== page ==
Another very well acted, exciting piece of theatre from Youngblood. I can't imagine seeing this play without being in the bar atmosphere itself. Shallow characters struggling with the meaninglessness of modern existence under the ruling power of Das Kapital (though they aren't self-aware enough to get to that radical understanding of the source of their ennui). The script gets a little long winded and self-indulgent (each character getting a turn in the spotlight) but it is fucking brilliantly performed by the talented young cast.

I've seen most of these people on stage in UWM productions before, and i don't want to insult that institution (okay, maybe i do want to insult that institution a little) seeing them carrying their own weight in this show blows away their previous work. This show makes me wanna say: Fuck a BFA, just do it!

Another part of me of course must acknowledge that the BFA program is where these people developed their formidable skills. But those skills aren't worth shit if they're being used in touring productions of Annie or tired Shakespeare festivals. So... fuck a 501c3, just do it!

I'm looking forward to God Bridge, and to keeping an eye on Youngblood's future. If these guys ever need anything from a dirty, transient, belligerent, Brecht-loving, poor theatre motherfucker like me, they've got it.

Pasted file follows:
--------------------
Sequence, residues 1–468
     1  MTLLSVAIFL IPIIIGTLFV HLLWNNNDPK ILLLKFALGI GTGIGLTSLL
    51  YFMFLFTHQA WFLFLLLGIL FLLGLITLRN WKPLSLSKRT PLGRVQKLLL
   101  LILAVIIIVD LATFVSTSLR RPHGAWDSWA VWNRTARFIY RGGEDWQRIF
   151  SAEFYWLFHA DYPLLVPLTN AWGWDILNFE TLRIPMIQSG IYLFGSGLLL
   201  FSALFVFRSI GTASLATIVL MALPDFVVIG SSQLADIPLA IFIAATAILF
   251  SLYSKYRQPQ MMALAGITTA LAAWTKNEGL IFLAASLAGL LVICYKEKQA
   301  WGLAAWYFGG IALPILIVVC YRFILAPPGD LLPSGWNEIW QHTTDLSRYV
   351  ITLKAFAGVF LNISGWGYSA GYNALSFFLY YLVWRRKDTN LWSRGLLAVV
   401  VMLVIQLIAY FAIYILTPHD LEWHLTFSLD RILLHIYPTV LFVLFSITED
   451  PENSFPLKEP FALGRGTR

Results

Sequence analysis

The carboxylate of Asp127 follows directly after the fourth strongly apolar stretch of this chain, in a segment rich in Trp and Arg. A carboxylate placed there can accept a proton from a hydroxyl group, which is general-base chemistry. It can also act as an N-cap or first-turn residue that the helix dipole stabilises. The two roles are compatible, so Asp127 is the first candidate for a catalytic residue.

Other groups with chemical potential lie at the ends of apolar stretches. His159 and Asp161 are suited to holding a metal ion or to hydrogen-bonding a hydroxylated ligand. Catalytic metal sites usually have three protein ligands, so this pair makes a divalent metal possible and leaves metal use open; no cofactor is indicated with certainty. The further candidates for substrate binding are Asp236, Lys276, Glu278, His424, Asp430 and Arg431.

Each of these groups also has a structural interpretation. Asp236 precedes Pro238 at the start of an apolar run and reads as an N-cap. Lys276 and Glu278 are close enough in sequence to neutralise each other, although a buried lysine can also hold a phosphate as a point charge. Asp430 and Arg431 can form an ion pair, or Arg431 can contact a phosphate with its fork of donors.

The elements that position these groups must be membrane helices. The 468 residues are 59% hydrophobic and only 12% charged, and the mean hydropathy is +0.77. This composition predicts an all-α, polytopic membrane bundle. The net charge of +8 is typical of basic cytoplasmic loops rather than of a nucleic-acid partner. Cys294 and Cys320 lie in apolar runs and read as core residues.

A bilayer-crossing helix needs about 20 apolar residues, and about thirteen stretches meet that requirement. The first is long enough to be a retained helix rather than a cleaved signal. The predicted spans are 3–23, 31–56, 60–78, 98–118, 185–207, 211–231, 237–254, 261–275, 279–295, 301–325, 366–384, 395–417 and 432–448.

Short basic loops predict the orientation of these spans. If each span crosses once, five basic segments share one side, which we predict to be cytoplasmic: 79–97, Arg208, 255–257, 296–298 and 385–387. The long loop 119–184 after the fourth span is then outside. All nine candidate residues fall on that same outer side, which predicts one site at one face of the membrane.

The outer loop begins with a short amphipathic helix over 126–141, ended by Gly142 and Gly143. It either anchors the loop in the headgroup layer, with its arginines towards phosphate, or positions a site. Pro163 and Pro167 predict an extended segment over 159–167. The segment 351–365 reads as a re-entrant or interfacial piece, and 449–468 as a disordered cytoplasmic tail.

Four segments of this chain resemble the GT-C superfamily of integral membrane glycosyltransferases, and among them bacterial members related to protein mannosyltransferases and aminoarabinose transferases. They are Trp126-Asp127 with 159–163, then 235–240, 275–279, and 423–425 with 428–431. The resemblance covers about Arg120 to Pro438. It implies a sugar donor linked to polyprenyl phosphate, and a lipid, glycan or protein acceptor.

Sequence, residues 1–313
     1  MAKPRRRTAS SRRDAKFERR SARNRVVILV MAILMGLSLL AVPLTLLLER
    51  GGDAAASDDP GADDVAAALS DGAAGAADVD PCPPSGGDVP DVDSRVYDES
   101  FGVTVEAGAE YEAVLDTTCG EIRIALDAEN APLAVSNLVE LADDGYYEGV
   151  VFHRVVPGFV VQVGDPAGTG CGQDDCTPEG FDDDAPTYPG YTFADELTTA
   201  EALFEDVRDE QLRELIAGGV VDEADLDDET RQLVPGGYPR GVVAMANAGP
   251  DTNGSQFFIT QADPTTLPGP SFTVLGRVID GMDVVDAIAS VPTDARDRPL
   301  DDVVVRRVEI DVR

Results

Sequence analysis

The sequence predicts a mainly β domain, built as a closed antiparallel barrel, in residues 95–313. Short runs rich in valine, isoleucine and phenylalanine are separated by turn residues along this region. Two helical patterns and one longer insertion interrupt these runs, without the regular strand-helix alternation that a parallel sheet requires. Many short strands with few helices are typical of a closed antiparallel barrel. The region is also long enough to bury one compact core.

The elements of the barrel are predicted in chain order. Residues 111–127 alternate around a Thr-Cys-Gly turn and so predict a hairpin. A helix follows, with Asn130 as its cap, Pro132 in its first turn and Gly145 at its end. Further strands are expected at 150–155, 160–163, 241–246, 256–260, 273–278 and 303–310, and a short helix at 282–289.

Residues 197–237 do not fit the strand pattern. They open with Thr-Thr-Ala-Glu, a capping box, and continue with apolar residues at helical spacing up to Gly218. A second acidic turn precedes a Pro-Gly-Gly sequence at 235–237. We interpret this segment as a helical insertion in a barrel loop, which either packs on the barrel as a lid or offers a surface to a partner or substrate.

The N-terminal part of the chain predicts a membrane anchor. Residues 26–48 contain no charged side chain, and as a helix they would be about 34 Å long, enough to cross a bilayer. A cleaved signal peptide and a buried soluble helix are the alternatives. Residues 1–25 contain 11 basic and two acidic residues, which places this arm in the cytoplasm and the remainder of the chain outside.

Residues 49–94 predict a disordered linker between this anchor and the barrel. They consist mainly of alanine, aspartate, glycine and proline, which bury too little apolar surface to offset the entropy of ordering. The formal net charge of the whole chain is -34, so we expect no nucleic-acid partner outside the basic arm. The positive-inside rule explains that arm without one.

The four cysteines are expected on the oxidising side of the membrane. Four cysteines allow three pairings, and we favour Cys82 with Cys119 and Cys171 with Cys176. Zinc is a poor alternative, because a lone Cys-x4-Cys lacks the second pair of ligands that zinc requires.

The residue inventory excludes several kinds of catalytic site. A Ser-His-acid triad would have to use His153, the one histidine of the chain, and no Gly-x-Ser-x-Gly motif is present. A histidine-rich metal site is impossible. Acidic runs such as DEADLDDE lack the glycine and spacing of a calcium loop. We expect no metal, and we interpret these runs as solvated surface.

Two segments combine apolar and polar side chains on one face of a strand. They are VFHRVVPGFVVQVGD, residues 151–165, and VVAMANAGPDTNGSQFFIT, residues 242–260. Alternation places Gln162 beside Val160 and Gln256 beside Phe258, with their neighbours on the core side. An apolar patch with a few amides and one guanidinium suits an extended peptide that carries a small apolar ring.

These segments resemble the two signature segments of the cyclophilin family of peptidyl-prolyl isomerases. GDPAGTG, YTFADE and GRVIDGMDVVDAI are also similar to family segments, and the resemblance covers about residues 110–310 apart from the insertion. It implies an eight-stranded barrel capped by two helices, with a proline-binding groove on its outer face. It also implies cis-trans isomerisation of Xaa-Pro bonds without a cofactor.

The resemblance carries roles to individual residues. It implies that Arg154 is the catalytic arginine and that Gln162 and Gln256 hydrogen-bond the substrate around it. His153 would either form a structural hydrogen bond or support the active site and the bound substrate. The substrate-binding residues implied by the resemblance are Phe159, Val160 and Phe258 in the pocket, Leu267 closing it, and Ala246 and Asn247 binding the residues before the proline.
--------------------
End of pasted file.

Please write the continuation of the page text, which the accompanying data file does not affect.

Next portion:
Ben Turk said...

Looks like it's time for my first really negative review in all this action. I was hoping to make it through July with every show meeting or exceeding my enthusiasm, but, APT really hurnsed up Pinter pretty bad.

I'll try to be straightforward, cuz i'm sure everyone thinks i'm just biased against the big professional company. So, i'll give direct, precise impersonal reasons why this show bored the pants off me.

First, the actors were doing this weird forced stylized thing that flattened the show out completely. They played the "intense menacing" mood constantly. When every moment is at that level the show gets boring, quick. There's nothing to engage with. If character A never lets down his guard, then character B's casual reference that conceals a devastating threat, or seemingly random word choice with dire consequences is stripped of it's power completely.

Second, they made no choices. In fact, based on the talk back, they intentionally concealed their interpretations from each other and from the audience. It's like the director read somewhere how Pinter likes audiences to come to their own interpretation and took that as a reason to remove any grounding, interpretation or meaning from the lines and character archs. So a play about how memory is constructed and how relationships are composed of these constructed memories, became an evening of disconnected words said in professional actor voices interspersed with long intense stares.

Finally, it was the least interesting Pinter script I've encountered. I suppose my favorites like Hothouse, One For the Road, or Mountain Language are a bit much for APT, who felt the need to apologize extensively for Pinter's obtuseness in the play description and directors note. This is another case of a established company trying something a little edgy to attract new audiences, but doing it very carefully to avoid alienating old audiences. As always, they fail in both objectives.